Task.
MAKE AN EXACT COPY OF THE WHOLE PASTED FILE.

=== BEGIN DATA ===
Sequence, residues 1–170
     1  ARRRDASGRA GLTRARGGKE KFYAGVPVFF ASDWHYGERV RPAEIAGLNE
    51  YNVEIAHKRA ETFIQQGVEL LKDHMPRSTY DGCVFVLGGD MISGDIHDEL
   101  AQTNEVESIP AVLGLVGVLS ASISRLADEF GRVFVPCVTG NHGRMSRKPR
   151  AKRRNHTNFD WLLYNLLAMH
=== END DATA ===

Sequence, residues 1–170
     1  ARRRDASGRA GLTRARGGKE KFYAGVPVFF ASDWHYGERV RPAEIAGLNE
    51  YNVEIAHKRA ETFIQQGVEL LKDHMPRSTY DGCVFVLGGD MISGDIHDEL
   101  AQTNEVESIP AVLGLVGVLS ASISRLADEF GRVFVPCVTG NHGRMSRKPR
   151  AKRRNHTNFD WLLYNLLAMH